The Yellow Man and the Girl

Posted on Monday.4.27.2009



For about the last 10 years I have had this theory about Asian males and how we are looked at in American society. Basically my theory was that as a whole, us Asian males are not seen as desirable, sexy, or sought-after as our female counterparts. I would even go to say that even within our own race,  Asian women tend to find other races to be more attractive, more alpha, more manly. If there was a poll done asking women (of different races/ethnicities) to rank races/ethnicities of males in order of attractiveness, I would put a lot of money that the Asian male would be last. Asian females on the other hand…well you know how that goes. Some have agreed, some have disagreed, some have called me insecure, it’s just MY theory.

Part of this, is due to American history. In 1919, there was a film called Broken Blossoms (along with Birth of a Nation were probably the two most racist films ever), that perhaps started the perception of the stereotypical Asian man in America. He was a devious, evil, small, squinty-eyed, asexual male that wanted a (white) woman he couldn’t have. This film along with The Cheat were probably the two films that shaped who an Asian man was and has continued to be in America.

Now I’m not saying there’s been no progress, but some of the stereotypes and social constructs that have been put on us bring us to this place. We do now get roles in movies that are more positive, but are still relinquished to the stoner kid at high school who’s really smart, the guy who’s really into import cars, the chinese food chef, the doctor, the engineer, the piano or violin star. Daniel Dae Kim, of Lost, has one of the most progressive Asian male roles, partly because he’s playing an Asian (Korean) not an Asian-American, and will make some dent in the battle. We’re still a long way from alpha-Asian male protagonists and Asian male heroes. Is it really that there are absolutely NO attractive, manly Asian males or simply societal constructs that don’t value and appreciate Asian qualities in males?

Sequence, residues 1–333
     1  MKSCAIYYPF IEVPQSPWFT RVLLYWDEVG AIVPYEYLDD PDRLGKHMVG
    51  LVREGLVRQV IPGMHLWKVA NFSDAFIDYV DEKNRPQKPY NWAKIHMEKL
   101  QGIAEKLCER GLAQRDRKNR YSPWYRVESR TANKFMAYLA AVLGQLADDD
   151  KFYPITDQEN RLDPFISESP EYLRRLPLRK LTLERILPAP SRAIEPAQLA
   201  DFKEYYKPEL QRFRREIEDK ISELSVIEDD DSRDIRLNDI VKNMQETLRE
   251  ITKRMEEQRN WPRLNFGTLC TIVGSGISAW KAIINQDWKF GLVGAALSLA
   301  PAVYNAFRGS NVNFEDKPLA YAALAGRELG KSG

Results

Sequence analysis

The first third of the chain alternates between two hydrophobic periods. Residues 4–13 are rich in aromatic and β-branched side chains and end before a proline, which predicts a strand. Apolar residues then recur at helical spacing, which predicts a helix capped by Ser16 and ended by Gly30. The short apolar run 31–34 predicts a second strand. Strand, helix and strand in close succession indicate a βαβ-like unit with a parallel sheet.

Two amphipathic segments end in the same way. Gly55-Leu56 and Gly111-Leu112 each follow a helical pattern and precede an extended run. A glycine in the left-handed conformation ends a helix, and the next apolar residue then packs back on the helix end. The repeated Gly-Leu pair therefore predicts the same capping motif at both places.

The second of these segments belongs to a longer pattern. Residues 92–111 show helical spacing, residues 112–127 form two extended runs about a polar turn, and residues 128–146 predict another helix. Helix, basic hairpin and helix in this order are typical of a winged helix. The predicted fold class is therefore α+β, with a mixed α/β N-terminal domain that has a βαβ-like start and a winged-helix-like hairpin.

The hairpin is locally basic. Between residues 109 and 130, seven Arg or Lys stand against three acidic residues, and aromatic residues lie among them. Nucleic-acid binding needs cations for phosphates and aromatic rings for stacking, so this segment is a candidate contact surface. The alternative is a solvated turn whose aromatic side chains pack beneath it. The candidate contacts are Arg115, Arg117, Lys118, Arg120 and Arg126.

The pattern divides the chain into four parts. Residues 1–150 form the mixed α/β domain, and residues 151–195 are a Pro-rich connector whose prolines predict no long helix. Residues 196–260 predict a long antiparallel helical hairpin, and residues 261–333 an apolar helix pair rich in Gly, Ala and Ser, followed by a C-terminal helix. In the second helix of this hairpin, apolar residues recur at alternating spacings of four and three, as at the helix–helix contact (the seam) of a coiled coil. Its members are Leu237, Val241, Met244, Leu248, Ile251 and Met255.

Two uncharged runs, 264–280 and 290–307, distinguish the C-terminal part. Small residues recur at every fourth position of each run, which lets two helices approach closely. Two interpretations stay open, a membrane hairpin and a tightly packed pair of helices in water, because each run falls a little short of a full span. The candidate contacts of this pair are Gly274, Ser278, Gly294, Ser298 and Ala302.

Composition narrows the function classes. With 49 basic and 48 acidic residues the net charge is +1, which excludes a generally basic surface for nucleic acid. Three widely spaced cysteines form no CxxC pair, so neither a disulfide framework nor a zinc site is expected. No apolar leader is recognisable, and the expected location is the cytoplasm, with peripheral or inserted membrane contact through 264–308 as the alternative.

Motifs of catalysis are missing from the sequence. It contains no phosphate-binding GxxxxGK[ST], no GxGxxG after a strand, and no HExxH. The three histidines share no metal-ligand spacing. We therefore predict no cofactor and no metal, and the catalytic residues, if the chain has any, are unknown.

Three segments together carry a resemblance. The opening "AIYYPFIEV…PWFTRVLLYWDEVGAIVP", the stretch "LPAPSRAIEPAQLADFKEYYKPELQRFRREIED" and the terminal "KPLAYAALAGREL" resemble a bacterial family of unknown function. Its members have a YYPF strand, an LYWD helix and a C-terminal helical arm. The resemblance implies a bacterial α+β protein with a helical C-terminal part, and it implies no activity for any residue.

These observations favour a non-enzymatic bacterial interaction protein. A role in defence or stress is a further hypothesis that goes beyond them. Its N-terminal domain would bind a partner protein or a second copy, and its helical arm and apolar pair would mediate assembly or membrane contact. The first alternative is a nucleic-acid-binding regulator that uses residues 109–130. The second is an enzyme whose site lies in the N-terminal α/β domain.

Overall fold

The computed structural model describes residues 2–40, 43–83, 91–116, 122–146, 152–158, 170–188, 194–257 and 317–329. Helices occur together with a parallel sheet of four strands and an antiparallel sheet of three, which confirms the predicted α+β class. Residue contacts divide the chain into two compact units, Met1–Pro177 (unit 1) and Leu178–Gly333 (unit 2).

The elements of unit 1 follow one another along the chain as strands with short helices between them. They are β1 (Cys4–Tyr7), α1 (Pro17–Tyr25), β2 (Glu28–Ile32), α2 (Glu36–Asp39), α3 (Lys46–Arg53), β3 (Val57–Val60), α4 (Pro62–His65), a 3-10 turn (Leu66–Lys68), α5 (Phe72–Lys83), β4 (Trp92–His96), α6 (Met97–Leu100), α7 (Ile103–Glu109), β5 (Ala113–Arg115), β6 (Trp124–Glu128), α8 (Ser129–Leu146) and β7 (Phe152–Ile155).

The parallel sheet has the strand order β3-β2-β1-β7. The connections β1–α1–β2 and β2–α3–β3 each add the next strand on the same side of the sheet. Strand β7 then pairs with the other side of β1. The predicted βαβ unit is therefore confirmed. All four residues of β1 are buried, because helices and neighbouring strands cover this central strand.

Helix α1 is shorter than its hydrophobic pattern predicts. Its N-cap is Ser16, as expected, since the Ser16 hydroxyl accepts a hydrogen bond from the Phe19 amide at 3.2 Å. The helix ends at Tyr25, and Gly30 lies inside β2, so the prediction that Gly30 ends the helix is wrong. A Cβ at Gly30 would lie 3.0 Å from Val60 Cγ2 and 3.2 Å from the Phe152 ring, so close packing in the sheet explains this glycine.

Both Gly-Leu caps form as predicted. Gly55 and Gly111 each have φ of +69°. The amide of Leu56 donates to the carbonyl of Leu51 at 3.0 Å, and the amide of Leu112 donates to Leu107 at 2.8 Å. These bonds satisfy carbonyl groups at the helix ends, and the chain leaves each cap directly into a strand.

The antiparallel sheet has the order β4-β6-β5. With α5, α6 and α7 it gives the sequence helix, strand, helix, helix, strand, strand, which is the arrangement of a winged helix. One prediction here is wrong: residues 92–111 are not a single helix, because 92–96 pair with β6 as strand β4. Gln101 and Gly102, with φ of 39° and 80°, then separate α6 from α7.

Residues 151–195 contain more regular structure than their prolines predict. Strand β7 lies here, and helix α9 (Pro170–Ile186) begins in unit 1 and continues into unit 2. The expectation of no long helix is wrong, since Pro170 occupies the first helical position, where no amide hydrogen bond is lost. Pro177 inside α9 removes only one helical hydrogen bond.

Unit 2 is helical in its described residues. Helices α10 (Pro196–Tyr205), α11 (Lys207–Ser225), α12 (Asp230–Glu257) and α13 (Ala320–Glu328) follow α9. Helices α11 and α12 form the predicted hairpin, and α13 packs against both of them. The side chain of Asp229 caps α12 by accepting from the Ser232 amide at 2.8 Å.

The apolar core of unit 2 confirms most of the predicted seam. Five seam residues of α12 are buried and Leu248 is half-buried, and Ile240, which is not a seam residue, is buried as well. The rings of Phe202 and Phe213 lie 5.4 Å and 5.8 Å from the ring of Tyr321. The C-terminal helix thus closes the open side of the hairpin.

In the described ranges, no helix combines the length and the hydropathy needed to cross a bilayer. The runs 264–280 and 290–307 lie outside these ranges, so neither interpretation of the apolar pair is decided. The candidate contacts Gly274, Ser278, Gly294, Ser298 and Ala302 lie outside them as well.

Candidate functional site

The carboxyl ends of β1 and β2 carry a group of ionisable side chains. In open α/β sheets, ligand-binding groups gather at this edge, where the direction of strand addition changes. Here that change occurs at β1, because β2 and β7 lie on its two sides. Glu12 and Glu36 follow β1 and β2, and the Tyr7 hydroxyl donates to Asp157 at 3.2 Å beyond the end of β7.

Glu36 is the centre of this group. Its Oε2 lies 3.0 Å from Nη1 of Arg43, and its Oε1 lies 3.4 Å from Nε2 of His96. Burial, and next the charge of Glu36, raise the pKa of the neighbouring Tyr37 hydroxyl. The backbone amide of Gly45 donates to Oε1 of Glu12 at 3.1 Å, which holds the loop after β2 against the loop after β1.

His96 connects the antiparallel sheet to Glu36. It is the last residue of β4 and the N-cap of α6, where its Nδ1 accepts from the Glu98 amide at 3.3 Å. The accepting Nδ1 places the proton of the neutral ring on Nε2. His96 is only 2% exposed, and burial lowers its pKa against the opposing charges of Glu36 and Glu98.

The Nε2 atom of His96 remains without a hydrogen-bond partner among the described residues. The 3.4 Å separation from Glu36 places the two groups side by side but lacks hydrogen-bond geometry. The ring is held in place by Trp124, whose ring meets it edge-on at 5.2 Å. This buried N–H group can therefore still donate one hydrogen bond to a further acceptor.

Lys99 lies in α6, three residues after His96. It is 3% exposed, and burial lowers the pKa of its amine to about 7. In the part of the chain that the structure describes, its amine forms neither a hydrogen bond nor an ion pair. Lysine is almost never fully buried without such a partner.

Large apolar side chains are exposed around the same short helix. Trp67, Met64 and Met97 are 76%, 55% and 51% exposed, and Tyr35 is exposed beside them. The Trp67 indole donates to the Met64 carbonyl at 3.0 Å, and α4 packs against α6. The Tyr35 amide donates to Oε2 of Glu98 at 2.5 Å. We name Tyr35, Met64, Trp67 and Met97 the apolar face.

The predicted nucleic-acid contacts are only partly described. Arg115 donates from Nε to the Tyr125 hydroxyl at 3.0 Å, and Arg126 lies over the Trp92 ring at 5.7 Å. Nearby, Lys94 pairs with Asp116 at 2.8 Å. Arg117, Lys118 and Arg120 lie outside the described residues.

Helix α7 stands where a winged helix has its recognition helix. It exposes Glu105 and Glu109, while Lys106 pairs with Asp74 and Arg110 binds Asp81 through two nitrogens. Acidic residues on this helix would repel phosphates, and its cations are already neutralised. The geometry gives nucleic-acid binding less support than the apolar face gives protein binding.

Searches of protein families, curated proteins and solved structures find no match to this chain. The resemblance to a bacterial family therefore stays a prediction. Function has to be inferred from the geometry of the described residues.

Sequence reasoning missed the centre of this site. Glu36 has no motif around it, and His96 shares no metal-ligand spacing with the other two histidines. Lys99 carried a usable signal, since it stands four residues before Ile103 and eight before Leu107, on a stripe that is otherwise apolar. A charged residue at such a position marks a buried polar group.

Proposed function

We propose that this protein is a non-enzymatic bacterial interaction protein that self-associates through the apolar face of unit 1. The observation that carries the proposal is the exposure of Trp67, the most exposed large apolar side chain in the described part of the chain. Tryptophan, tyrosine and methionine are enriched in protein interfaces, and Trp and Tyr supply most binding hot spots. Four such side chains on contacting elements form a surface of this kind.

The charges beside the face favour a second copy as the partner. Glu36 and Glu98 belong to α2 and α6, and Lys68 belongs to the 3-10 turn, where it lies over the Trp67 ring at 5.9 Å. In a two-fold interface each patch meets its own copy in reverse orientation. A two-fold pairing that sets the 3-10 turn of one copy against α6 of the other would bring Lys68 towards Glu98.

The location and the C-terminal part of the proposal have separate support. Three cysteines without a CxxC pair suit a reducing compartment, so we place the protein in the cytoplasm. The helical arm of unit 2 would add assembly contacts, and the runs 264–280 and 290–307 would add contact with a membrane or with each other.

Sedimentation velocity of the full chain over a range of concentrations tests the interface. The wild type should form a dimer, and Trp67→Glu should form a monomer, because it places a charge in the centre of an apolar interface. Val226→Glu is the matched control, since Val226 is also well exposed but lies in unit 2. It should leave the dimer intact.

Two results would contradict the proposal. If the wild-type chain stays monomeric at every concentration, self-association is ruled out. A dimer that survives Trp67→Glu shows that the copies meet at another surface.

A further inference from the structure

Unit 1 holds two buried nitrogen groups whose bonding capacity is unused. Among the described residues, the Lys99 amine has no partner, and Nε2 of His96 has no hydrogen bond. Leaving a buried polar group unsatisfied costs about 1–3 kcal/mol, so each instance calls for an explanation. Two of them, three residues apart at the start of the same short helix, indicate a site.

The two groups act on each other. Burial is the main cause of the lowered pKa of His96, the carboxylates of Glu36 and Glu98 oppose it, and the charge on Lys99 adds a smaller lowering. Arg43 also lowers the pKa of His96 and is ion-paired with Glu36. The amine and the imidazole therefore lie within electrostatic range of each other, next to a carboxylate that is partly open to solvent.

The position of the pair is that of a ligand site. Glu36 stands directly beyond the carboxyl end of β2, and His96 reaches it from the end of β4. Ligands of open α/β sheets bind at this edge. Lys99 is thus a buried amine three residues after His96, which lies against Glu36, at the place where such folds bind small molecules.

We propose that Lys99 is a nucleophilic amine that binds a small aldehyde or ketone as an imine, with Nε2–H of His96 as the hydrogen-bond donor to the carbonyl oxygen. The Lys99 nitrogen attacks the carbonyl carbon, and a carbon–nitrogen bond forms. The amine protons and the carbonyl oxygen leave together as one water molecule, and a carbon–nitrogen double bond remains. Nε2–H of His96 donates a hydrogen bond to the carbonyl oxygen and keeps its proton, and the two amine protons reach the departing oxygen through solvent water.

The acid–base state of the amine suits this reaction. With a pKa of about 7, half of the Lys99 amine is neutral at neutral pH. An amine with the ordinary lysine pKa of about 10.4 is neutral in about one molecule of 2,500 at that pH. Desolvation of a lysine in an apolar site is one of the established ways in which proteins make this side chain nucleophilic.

The other day the OCRegister’s science blog posted a study done by UC Irvine, regarding this exact issue. The article argues that according to their research, there are indeed “racialized images of masculinity and femininity” in America. I thought I would not only bring this article to light, but write about my thoughts on the whole issue and subject. NOTE: if you scroll down to the bottom of the article, there are some fairly funny comments,  I recommend you read them.

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